Organizing a training program for your staff may not sound like a major undertaking, but there are still a lot of decisions to make: when to hold the training, how to present the material, where to conduct the sessions, and how to get employees to take it seriously. In this multi-part series, we'll look at each of those topics. Our last column ("setting up a training program," November 2007) discussed the timing of training sessions. This month, we look at how to present the material.
The presentation method you choose could have a lot of bearing on how much of the material your audience absorbs and retains. People process information different ways. If your group is typical, it probably includes a number of different types of learners—auditory, visual, hands-on, and self-directed. What follows is a brief look at the best ways to reach each group:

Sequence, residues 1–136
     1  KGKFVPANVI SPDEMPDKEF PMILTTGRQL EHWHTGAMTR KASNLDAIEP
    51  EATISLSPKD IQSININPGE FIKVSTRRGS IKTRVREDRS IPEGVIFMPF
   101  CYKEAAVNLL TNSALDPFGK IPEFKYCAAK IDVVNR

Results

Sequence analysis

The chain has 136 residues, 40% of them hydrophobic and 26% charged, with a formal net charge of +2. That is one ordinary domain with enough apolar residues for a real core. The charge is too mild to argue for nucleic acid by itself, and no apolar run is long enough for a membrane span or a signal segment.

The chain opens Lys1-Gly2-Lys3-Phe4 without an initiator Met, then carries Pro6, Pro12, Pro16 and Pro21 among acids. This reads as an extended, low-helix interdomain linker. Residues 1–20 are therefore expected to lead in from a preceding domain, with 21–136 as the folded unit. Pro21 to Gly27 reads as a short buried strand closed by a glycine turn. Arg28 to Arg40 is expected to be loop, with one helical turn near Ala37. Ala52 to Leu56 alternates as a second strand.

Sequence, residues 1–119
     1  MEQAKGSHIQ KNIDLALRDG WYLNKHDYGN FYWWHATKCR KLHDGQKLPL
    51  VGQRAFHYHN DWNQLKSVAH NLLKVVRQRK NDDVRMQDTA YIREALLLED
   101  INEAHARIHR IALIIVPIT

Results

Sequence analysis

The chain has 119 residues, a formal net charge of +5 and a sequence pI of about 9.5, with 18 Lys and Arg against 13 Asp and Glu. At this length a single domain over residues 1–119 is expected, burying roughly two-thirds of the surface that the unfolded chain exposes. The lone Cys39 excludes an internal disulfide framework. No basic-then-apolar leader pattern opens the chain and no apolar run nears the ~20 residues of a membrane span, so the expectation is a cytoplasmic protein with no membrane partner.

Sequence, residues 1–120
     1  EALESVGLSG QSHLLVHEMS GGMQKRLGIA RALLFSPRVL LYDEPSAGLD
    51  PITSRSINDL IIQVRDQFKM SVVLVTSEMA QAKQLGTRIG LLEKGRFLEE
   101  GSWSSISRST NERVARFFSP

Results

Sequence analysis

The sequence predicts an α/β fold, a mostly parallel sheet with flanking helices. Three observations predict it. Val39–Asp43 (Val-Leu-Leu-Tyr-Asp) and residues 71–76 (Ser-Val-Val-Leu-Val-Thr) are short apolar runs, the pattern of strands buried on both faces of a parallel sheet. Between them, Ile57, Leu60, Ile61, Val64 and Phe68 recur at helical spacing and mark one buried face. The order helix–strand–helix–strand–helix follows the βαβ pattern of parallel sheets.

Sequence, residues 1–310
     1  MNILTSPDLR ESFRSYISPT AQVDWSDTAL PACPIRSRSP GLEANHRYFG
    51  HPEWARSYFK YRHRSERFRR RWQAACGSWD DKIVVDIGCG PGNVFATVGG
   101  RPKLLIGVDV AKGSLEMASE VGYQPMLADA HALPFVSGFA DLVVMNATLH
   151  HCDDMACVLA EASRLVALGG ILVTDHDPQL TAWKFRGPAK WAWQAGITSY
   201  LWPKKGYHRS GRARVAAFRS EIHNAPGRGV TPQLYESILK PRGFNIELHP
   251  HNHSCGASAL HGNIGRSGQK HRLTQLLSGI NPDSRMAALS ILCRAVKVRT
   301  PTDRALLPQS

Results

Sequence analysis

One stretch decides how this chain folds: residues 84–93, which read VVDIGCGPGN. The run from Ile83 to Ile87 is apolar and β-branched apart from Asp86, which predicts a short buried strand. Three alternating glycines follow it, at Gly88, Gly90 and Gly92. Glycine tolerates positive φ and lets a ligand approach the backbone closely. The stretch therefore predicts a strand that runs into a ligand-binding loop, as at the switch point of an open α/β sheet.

There will always be managers who can't be bothered with worrying about learning styles for a simple training session. But as we see it, if the matter is important enough to justify training, it's worth your time to make sure that the trainees grasp the material.
Editor's note: This is the second in a multi-part series on training. The next column in the series will look at how to get your staff to take the training seriously.